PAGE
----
directed by Evan Glodell
I have never done this before, but I have to dedicate a secondary review to just two major components of Evan Glodell’s opus, Bellflower: the sound (mainly the sound design) and the photography (notably the Coatwolf Model II).
The sound design of Bellflower is some of the most evocative I have experienced in some time, the kind of aural presence that stimulates emotions and feelings quite independent from your conscious self. A shout. The rough rumble of fire. An engine screaming. A deep, primal growl that grows a wrath in you, or a fear, or a profound discomfort that percolates inside you like an acid, surprising you. It’s like when the doctor raps on your knee and stimulates a reflex that, try as you might, you cannot suppress.
Evan Glodell’s colossus, dubbed the Coatwolf Model II, is as close to a magic wand as a filmmaker is going to find. When the trailer first aired, my little brother DC and I puzzled over the curiously odd way each scene looked. What was happening? How could it be? We then stumbled upon the Model II, which only sparked more questions. How could the Model II exist? What made it work? But it wasn’t until today, after I had time to digest the film and was actually recalling it after the fact that I realized the true magic of Glodell’s beast. What I perceived as unique and new in the moment had somehow shapeshifted in the night, somehow become something altogether different than it had been the day before. The images generated by the Model II are surreal, model-esque at times, and once the mind has a chance to process these images as memories, both the images themselves along with the happenings of a scene begin to seem mythic, a monstrous fairy tale that seems as mysterious and enthralling as it did when all I had to go on was a sequence of Glodell getting in the Medusa (you’ll see) and disappearing in a fog of dust. Even now, as I recall a scene, or a shot, or even a color, I am confused and drawn to this quality. I am afraid for you, Glodell, afraid that a mob is going to come for you in the night to try you for witchcraft or something.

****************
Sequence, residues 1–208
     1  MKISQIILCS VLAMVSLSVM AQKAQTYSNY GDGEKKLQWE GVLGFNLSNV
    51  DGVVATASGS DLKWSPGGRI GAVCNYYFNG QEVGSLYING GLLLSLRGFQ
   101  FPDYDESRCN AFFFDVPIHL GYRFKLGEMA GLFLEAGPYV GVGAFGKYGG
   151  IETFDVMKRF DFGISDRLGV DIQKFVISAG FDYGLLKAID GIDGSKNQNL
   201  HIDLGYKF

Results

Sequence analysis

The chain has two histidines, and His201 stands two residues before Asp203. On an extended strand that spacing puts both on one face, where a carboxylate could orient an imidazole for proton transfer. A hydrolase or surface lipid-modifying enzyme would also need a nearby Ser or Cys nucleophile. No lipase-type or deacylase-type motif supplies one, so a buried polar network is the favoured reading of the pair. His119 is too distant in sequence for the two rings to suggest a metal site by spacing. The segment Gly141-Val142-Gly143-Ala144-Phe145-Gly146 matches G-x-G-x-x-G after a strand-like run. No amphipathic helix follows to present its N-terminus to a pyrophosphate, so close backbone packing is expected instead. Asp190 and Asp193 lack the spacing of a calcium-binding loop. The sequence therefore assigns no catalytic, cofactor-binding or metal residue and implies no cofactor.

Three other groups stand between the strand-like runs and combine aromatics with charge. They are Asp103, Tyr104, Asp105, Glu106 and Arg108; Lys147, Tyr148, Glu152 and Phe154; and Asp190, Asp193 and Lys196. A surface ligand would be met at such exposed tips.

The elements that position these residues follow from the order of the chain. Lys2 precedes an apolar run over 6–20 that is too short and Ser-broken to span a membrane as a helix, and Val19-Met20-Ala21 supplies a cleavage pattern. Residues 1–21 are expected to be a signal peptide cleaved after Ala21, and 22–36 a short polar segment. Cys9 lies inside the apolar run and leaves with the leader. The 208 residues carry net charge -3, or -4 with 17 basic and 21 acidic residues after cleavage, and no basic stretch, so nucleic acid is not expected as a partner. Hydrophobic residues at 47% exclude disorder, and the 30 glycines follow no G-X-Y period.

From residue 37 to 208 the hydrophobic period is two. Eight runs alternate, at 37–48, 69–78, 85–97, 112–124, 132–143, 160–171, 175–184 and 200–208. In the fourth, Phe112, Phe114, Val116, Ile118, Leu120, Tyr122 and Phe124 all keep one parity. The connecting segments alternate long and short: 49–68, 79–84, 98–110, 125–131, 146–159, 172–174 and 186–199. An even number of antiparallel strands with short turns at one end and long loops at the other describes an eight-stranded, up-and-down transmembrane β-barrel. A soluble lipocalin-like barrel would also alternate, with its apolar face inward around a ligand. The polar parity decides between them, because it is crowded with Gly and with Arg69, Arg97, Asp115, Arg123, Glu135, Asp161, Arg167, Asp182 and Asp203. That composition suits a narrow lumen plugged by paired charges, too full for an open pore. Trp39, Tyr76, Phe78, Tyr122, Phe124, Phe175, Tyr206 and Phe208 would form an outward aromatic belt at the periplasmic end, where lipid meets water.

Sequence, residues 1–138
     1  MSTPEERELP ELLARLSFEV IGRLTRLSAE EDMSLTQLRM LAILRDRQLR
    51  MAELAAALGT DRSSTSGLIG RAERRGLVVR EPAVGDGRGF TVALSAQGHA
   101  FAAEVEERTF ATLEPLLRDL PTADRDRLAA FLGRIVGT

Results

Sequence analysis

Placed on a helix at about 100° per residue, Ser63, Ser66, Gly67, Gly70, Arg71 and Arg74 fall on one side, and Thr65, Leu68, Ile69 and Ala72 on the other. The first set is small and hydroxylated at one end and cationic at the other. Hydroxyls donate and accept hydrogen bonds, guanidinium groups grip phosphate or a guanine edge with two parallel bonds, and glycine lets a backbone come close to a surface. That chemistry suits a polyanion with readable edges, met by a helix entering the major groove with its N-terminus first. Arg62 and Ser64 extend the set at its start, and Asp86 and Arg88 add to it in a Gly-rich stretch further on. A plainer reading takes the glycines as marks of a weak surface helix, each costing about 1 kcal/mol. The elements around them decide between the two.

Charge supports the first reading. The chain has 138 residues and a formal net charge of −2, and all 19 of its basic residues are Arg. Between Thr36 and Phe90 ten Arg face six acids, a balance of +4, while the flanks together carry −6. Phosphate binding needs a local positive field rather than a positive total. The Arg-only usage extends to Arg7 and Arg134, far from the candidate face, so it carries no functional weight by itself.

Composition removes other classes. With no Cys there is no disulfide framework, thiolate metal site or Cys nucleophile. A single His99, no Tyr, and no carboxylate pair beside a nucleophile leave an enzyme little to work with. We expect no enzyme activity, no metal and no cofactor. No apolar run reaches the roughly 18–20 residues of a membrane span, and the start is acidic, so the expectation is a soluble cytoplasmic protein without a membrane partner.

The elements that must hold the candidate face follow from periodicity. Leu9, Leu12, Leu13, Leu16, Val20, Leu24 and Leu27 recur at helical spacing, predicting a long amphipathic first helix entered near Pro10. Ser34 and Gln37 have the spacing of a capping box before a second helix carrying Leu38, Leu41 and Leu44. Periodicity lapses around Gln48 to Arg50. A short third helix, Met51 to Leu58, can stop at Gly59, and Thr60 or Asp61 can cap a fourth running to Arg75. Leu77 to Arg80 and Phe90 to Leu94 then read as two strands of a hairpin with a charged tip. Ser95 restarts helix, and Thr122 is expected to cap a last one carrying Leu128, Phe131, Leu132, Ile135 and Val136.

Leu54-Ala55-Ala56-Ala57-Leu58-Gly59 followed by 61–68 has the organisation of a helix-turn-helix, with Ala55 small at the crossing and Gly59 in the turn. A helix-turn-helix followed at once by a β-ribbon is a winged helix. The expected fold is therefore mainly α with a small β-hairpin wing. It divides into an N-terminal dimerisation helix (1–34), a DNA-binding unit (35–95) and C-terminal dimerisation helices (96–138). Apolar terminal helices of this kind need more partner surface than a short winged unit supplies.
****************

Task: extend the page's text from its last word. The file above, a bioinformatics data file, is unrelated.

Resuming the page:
In all seriousness, Bellflower is a film that pulls you in, throttles you at times, but will not let you go. In fact, its grip seems only to tighten with time.